Uh oh: Netflix’s Horse Girl may be a direct rip-off of an indie film from 2018


Directed by Jeff Baena and co-written by lead actress Alison Brie, Netflix’s quirky thriller Horse Girl has racked up some decent reviews. These include four stars from our own Liam Maguren, who called the film “challenging, compassionate…a rewatchable oddity”.

Even less enthusiastic reviewers applauded the film for its originality above all: a bizarre plot, distinctive sci-fi visuals, and a vulnerable, kooky lead performance. But what if everything that makes Horse Girl so unique is actually borrowed from an existing film? Beware – spoiler alerts for Horse Girl abound.

After watching the movie, indie filmmaker Joe Gadon made a Facebook post accusing producers the Duplass Brothers, Baena and Brie of essentially making a “bigger budget” version of his film The God Inside My Ear. That post has since been deleted, but Gadon came through with the receipts, editing together a video of the most egregious similarities between Horse Girl and his own 2018 micro-budget drama film. Check it out below and make up your own mind;

In a follow-up post on Reddit, Gadon continued:

“OK guys, This is the writer/director of the film THE GOD INSIDE MY EAR. I made this film with my own money (under $10k) and with an all volunteer cast/crew. It was a passion project for sure. We shot the film in 2017 and sent it to film festivals in early 2018. It was released on DVD/Bluray and streaming late 2018/early 2019. Enter HORSE GIRL (2020).

The new Netflix film HORSE GIRL (2020) and THE GOD INSIDE MY EAR (2018) have a lot of similar plot points. Some similarities are more mundane but some similarities are SPOT ON;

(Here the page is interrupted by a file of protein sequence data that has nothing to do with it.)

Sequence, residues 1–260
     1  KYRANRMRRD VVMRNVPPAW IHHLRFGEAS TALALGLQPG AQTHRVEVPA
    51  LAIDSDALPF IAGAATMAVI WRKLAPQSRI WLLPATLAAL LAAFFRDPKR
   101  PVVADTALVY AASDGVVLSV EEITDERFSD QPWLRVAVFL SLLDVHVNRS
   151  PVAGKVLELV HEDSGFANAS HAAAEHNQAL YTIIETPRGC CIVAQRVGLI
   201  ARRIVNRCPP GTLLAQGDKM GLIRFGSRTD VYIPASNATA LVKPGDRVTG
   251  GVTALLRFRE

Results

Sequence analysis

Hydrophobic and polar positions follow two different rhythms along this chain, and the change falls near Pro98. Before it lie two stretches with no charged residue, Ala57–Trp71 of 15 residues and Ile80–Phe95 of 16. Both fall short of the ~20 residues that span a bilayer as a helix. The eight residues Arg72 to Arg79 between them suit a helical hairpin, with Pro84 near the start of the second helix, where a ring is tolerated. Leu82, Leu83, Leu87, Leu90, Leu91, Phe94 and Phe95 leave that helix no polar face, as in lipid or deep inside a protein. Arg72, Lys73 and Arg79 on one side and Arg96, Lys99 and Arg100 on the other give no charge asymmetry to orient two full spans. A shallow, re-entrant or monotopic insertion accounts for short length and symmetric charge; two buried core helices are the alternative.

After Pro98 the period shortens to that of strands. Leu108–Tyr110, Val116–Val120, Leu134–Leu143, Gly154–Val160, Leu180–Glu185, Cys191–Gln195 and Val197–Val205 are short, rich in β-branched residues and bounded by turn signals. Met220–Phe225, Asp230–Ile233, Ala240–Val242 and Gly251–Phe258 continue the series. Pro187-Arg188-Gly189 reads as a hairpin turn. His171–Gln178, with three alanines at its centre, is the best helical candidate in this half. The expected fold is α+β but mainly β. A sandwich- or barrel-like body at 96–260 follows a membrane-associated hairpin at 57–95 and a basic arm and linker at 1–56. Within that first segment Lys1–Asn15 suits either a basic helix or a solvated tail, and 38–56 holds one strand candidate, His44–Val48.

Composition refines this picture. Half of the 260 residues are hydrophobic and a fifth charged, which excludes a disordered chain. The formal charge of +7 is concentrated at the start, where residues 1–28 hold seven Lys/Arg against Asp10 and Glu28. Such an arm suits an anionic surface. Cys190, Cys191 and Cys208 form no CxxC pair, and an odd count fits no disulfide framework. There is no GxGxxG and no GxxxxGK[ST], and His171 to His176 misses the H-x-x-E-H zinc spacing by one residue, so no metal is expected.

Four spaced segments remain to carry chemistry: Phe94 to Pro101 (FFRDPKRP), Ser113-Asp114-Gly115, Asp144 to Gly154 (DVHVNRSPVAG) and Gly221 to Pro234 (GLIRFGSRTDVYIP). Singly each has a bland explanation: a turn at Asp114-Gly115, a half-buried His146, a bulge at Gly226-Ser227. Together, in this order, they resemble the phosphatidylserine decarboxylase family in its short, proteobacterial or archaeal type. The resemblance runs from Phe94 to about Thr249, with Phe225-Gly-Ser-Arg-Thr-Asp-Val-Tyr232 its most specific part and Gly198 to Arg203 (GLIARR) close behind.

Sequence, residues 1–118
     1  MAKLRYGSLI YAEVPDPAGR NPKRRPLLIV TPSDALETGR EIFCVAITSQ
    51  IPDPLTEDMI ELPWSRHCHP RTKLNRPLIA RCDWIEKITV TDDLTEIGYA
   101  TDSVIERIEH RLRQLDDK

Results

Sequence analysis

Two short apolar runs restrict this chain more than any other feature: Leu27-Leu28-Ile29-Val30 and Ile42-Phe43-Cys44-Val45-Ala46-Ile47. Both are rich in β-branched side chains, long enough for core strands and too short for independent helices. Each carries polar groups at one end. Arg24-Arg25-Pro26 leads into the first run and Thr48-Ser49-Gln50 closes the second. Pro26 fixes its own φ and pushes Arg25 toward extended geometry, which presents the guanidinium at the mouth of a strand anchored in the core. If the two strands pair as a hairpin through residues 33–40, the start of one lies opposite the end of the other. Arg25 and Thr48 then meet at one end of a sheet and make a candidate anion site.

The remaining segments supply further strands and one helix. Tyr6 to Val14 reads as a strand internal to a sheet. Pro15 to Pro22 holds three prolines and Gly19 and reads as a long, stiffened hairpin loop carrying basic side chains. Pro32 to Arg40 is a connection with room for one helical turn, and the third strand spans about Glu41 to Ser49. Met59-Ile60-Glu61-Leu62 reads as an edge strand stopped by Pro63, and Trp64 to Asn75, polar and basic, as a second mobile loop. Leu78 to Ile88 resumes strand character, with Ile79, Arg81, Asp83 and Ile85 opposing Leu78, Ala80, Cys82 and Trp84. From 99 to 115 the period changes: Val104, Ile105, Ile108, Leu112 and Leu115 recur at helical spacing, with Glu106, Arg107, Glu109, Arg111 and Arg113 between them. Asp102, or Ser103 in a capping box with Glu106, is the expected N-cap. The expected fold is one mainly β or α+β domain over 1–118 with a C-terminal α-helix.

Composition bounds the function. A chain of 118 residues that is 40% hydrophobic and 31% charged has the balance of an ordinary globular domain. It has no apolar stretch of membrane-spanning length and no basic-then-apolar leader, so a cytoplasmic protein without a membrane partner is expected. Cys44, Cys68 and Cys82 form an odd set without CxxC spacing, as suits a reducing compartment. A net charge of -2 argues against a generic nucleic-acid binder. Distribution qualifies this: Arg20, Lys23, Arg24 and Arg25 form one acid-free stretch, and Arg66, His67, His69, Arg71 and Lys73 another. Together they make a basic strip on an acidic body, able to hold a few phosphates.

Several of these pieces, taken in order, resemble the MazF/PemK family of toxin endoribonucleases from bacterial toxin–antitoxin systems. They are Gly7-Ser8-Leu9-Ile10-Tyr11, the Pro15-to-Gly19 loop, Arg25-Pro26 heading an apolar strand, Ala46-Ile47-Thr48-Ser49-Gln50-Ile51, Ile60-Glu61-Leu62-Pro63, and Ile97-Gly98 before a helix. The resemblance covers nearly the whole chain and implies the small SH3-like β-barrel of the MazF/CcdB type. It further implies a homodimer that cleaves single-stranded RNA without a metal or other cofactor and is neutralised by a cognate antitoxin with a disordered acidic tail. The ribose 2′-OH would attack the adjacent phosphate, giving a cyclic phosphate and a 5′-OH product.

Both main characters (girls) have just recently experienced the loss of a loved one. That loss makes both girls reclusive.

Both girls work in sales positions at department stores.

Both girls start hearing voices.

Both girls take a drug that transports them to a white room with a black creature.

Both girls are urged by their friends to start dating again.

Both girls go on blind dates.

Both girls feel drawn to a humming building in town.

Both girls visit this building in the middle of the night (in their pajamas).

Both girls are reincarnations (or clones) of past dead people.

Both girls consult with a shaman who give them a magic thing that will drive out their demons. One girl gets nose bleeds. One girl gets ear bleeds.

Both girls go to an ear, nose, throat doctor about their bleeding orifices. Both doctors refer them to a psychiatrist/psychologist.

Both girls do a dance and a ritual with their magic/shaman thing in their respective living rooms in order to ward off their evil demons.

Both girls get stuck in a small lock space where the door to that space magically opens so that they can escape.

Both girls are visited by younger versions of themselves.

Both girls walk or ascend into a bright all encompassing light at the very end of the film. And those are just the things I can think of off the top of my head.”

Whether Gadon is just bitterly trying to cash in on some artificial similiarities, or whether he’s truly a wronged, struggling filmmaker who got ripped off by one of the most powerful filmmaking corporations of our time, this is not a good look for Netflix. They inevitably fall into the villain role in this David and Goliath situation.

Netflix and the talent associated with the film have not responded yet, but viewers and critics on both sides of the debate have come out with their own takes. We might have to wait to see if the similarities result in legal action, or whether they’re too generic to matter.